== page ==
After the saga of the ruptured ligament in my ankle a few weeks ago, things are starting to get a little bit more back to normal. I’ve been hobbling around, planting some kale, picking some flowers, and starting to clear some beds to make room for winter vegetables. It’s been equal amounts of elation to be walking around and frustration that it’s still so slow. I’m incredibly grateful to be back at it, though, and I realize that the injury I have is relatively minor compared to some of the health problems or accidents that some people have to deal with.
The gardens plugged along just fine without me for a few weeks, and are in that delicate transitional stage that November often brings. Some of the flowers and greens are doing really well now that the temperatures have cooled down. We haven’t had a hard frost yet, so the summer vegetables are still just holding on, their production slowed down to a crawl. Slowly but surely, I’m clearing away all of the faded summer plants and getting my winter babies into the ground: purple brussels sprouts, several varieties of kale and chard, alcosa cabbages, asian greens, all kinds of garlic and onions, and much more. I finally, finally got to make a batch of jam. I went almost two weeks without canning anything at all, which is longer than I’ve gone in years. This marmalade turned out so delicious, with the perfect blend of tart and sweet. I used a two day process; many marmalade-makers may have seem something similar to this before. Normally you’d slice the oranges and combine them with water, letting them sit for 24 hours. The natural pectin in the citrus fruit seeps out into the water and helps ensure a good gel without any added commercial pectin. This time, instead of using plain water, I used some tart apple juice that I’d prepared for jelly and had stashed away earlier. The pectin in the apple juice wasn’t absolutely necessary to get a good set, but it certainly helped, and the flavor of fresh apples combined with sweet valencia oranges and fresh cranberries was a fantastic combination. The sweetness of the apples completely rounded out the tartness of the citrus and cranberries to make a wonderfully mellow marmalade. It will be delicious with our roast turkey on Thanksgiving, but we’ve already gone through two jars just doing the toast thing.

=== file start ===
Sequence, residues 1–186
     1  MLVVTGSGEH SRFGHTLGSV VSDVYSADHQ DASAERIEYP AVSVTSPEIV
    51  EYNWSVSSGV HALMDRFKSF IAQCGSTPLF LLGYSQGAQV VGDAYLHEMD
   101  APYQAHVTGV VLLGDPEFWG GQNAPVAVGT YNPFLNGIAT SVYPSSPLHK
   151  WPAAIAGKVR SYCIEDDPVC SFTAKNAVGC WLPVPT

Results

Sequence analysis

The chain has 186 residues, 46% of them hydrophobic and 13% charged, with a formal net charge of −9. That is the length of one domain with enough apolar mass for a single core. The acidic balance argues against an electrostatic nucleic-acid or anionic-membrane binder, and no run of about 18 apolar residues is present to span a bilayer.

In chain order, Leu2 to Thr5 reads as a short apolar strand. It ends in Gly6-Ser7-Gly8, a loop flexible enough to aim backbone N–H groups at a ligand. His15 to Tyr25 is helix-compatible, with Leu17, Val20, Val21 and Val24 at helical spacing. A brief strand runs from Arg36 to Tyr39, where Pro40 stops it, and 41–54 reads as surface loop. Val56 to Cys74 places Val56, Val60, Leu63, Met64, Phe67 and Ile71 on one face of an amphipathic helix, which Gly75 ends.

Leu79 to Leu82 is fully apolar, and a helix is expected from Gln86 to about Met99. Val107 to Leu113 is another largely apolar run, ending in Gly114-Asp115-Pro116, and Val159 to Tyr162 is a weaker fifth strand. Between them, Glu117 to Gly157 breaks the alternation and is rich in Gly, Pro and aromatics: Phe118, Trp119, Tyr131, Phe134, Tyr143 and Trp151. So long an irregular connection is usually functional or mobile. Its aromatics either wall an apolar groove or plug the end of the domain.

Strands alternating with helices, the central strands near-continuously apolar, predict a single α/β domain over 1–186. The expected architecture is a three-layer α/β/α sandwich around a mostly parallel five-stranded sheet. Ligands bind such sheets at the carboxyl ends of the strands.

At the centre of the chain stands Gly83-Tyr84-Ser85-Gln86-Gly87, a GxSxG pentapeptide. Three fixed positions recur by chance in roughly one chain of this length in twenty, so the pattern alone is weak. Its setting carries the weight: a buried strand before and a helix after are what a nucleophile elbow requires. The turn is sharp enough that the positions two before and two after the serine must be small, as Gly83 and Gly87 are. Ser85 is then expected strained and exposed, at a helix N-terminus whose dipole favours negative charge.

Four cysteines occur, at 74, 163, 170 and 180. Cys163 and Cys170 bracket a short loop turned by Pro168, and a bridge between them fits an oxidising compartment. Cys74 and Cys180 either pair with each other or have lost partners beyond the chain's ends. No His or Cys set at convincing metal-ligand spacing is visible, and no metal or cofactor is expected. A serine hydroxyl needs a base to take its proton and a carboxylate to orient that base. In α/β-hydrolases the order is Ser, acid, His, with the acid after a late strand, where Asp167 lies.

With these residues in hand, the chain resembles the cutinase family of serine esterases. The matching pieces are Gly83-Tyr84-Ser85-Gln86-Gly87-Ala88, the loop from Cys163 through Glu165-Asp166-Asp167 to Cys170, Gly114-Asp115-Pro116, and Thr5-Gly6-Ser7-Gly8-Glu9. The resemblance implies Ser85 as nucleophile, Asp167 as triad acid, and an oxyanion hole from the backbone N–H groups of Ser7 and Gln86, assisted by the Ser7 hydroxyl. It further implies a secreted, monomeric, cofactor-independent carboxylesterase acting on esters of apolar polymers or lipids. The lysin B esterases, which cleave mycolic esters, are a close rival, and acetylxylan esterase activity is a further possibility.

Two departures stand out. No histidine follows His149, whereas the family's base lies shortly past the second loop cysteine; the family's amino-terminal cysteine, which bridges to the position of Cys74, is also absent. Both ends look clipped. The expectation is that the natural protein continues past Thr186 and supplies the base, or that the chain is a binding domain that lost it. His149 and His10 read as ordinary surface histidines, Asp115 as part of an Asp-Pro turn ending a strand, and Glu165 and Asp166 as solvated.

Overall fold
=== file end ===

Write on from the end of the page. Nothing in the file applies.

Valencia Orange Marmalade with Apples and Cranberries
Cook Time: well, it’s a two day process. It’s got several steps but it’s not actually all that difficult.
Makes: I think it made 7 half-pint jars, but we’ve already gone through a couple of them and I forgot to count before I wrote this post.
- 5 large organic valencia oranges, sliced for marmalade (see how I did lemons in this other post with pictures)
- 6 c. cooked apple juice from tart apples, such as granny smiths or crabapples (see below for preparation instructions)
- 3 1/2 c. fresh cranberries, rinsed
- 6 c. sugar
To prepare the apple juice:*
Quarter 8 or 9 apples. Remove the stems, any bruised spots or worm holes, and any attached leaves. (Leave the skin on and the cores in). Place the apples in a medium sized, nonreactive pot and cover with water. Cook for two hours. Pour the apple and water mixture into a jelly bag or through cheesecloth to strain the juice. I drained mine for four hours, but you can leave it draining for 12 or even 24 hours. Don’t press on the bag or the cheesecloth while it drains or the juice will be cloudy. The juice will last for several weeks in the fridge (and several months in the freezer).
To Make The Marmalade, Day 1:
Slice the oranges for marmalade. Make sure to sharpen a good knife and slice the peels as thinly as possible. (If you don’t slice them very thinly, they won’t cook all the way through, and they’ll be gross chunks of bitter orange rinds). Combine the prepared oranges with the prepared apple juice in a nonreactive container and leave it to sit overnight.
Bring boiling water canner to a boil. Wash jars and lids in hot, soapy water. Place your lids in a bowl and cover with boiling water from the canner.
Put the orange/apple juice mixture into a large, nonreactive pot. Add the fresh cranberries and the sugar and bring to a boil over high heat. Cook, stirring occasionally, until the marmalade reaches about 220 degrees on a candy thermometer (or whichever your favorite gel test is- there are several. I found this pdf using the power of google that has a very good explanation of different gel tests in case you’re unsure about it).